The undersigned human rights organizations welcome the announcement that United Nations Secretary General Ban-Ki Moon has approved the mandate renewal of the International Commission against Impunity in Guatemala (CICIG) until September 2017, in response to a formal request from Guatemalan President Otto Pérez Molina. In particular, the groups below applaud the Secretary General and the State of Guatemala for maintaining the mandate in its current form as provided for in the 2006 agreement between them, thereby granting CICIG full authority and independence to carry out its essential work. The Secretary General is also to be commended for facilitating the approval of the Guatemalan President’s request without delay, thus ensuring the continuity and security of CICIG’s operations at a critical moment.
CICIG has played a vital role in the fight against impunity in Guatemala since its establishment in 2007, and its partnership with Guatemala’s Public Prosecutor’s office makes it unique among international rule of law mechanisms. CICIG thus represents a potential model for other countries in the region struggling with weak institutions, endemic corruption, and widespread violence.
In collaboration with Guatemalan prosecutors, CICIG has conducted more than 200 investigations and helped levy charges against more than 160 current and former officials, dismantling illegal groups and clandestine power structures responsible for organized crime. For example, on May 20 Guatemalan authorities arrested the president and vice-president of the Social Security Administration (Instituto Guatemalteco de Seguridad Social), along with 15 others, due to evidence of corruption and fraud uncovered by CICIG. Additionally, in April authorities arrested 24 people, including the current and former heads of Guatemala’s tax collection agency, as a result of CICIG’s extensive investigation into a criminal network that had been used to defraud the state. The case has implicated officials in the highest levels of government: Vice President Roxana Baldetti’s private secretary was identified as the crime ring’s leader, leading to Ms. Baldetti’s resignation on May 8. CICIG has also asked the Supreme Court to lift the immunity of four judges based on evidence of corruption.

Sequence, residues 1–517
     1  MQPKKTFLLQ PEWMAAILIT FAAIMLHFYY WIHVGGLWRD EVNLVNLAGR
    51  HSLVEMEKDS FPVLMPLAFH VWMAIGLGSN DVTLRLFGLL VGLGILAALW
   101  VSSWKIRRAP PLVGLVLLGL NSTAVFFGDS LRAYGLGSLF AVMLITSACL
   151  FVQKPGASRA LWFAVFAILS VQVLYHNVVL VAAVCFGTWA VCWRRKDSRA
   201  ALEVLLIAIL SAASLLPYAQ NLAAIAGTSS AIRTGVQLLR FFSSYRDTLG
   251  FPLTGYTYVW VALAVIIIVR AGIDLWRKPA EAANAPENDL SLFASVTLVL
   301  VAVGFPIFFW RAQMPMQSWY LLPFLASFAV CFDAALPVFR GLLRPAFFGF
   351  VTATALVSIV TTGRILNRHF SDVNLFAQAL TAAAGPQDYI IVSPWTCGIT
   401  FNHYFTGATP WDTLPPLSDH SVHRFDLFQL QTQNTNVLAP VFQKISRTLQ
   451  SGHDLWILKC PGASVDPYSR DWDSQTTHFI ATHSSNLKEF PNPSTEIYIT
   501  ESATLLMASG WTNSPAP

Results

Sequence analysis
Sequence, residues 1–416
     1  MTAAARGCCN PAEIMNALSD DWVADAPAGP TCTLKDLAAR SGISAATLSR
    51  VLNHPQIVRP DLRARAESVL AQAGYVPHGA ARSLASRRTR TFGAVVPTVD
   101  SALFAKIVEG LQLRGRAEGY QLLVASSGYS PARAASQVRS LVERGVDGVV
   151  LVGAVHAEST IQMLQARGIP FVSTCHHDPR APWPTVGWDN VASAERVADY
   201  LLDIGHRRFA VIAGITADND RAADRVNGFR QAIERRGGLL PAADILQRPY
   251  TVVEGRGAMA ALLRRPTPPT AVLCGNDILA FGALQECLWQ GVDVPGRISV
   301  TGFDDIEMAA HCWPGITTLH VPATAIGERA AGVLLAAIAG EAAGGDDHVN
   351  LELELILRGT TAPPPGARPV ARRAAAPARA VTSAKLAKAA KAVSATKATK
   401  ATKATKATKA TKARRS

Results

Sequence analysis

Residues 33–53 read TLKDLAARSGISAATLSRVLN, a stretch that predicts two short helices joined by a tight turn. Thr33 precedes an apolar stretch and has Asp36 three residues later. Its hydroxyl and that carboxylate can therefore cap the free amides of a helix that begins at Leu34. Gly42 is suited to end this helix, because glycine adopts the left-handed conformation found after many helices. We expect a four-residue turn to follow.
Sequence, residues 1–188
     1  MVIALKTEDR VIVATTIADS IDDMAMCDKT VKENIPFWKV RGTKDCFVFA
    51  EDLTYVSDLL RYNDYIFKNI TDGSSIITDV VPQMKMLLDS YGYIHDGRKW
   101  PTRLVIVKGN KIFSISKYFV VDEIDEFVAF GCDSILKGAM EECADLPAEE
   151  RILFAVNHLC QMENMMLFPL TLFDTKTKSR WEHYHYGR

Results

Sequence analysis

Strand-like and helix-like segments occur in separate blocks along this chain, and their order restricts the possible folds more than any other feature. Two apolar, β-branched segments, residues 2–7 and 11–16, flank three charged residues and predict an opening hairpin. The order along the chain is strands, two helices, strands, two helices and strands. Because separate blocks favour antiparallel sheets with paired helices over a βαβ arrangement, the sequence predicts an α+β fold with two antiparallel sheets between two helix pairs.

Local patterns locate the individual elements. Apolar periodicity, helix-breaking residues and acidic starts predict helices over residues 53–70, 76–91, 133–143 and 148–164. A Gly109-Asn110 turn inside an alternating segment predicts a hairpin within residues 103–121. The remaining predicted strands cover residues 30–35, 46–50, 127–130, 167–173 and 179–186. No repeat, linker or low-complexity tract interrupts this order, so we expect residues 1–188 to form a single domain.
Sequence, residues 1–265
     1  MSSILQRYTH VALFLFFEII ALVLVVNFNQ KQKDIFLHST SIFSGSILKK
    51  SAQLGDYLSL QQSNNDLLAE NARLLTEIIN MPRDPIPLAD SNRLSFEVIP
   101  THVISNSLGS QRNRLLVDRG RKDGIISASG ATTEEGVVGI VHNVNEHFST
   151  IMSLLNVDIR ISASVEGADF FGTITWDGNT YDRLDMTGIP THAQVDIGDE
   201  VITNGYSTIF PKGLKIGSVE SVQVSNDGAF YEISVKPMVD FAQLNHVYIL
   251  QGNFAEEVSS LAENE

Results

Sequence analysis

As these and other cases facilitated by CICIG advance in the justice system, they are expected to contribute to greater transparency and accountability in Guatemala. Indeed, the presence of CICIG is needed now more than ever. Despite significant justice sector reforms and advances by the Public Ministry in recent years, Guatemala is in the midst of a serious political crisis. Additionally, impunity rates are extremely high, particularly for crimes against indigenous peoples, human rights defenders, journalists, women, and other vulnerable populations. The announcement that CICIG can continue collaborating with national authorities is thus a positive development for all Guatemalans who long for a more just and fair society.
Because CICIG is funded through voluntary contributions, it is crucial that the UN encourage member states to support this important institution. Fortunately, the United States, the European Union, and others have already pledged continued assistance. Additional donors should follow suit to ensure that CICIG has the necessary resources to continue its vital work in the pursuit of justice.
Center for Justice and International Law (CEJIL)
Due Process of Law Foundation (DPLF)
Guatemala Human Rights Commission (GHRC)
Impunity Watch Guatemala
Open Society Justice Initiative
Plataforma Internacional contra la Impunidad
Robert F. Kennedy Human Rights
Washington Office on Latin American (WOLA)